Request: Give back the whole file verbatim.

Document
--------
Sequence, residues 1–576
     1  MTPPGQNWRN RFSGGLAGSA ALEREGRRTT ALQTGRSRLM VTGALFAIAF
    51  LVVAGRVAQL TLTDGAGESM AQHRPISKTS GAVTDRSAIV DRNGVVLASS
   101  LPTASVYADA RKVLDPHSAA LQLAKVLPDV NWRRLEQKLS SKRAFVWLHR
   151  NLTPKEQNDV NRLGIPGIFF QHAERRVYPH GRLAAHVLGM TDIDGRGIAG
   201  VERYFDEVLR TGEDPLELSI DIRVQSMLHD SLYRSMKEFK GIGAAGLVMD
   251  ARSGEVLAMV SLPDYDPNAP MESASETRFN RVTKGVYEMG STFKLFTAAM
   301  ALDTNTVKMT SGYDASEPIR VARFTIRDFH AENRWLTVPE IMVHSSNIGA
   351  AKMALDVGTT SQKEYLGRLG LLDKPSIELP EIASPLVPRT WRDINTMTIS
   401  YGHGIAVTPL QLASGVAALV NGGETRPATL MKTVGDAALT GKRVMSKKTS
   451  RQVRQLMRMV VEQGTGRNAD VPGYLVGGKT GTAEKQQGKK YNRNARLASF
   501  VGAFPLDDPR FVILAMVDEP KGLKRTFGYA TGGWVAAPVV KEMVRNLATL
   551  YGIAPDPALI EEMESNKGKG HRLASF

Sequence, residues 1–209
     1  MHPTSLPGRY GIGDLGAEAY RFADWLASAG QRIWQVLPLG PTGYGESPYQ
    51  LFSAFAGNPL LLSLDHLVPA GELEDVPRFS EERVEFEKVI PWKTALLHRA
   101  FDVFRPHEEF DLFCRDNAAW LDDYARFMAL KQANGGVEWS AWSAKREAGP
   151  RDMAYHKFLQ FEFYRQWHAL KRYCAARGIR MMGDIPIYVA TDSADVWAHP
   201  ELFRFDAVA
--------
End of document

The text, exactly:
Sequence, residues 1–576
     1  MTPPGQNWRN RFSGGLAGSA ALEREGRRTT ALQTGRSRLM VTGALFAIAF
    51  LVVAGRVAQL TLTDGAGESM AQHRPISKTS GAVTDRSAIV DRNGVVLASS
   101  LPTASVYADA RKVLDPHSAA LQLAKVLPDV NWRRLEQKLS SKRAFVWLHR
   151  NLTPKEQNDV NRLGIPGIFF QHAERRVYPH GRLAAHVLGM TDIDGRGIAG
   201  VERYFDEVLR TGEDPLELSI DIRVQSMLHD SLYRSMKEFK GIGAAGLVMD
   251  ARSGEVLAMV SLPDYDPNAP MESASETRFN RVTKGVYEMG STFKLFTAAM
   301  ALDTNTVKMT SGYDASEPIR VARFTIRDFH AENRWLTVPE IMVHSSNIGA
   351  AKMALDVGTT SQKEYLGRLG LLDKPSIELP EIASPLVPRT WRDINTMTIS
   401  YGHGIAVTPL QLASGVAALV NGGETRPATL MKTVGDAALT GKRVMSKKTS
   451  RQVRQLMRMV VEQGTGRNAD VPGYLVGGKT GTAEKQQGKK YNRNARLASF
   501  VGAFPLDDPR FVILAMVDEP KGLKRTFGYA TGGWVAAPVV KEMVRNLATL
   551  YGIAPDPALI EEMESNKGKG HRLASF

Sequence, residues 1–209
     1  MHPTSLPGRY GIGDLGAEAY RFADWLASAG QRIWQVLPLG PTGYGESPYQ
    51  LFSAFAGNPL LLSLDHLVPA GELEDVPRFS EERVEFEKVI PWKTALLHRA
   101  FDVFRPHEEF DLFCRDNAAW LDDYARFMAL KQANGGVEWS AWSAKREAGP
   151  RDMAYHKFLQ FEFYRQWHAL KRYCAARGIR MMGDIPIYVA TDSADVWAHP
   201  ELFRFDAVA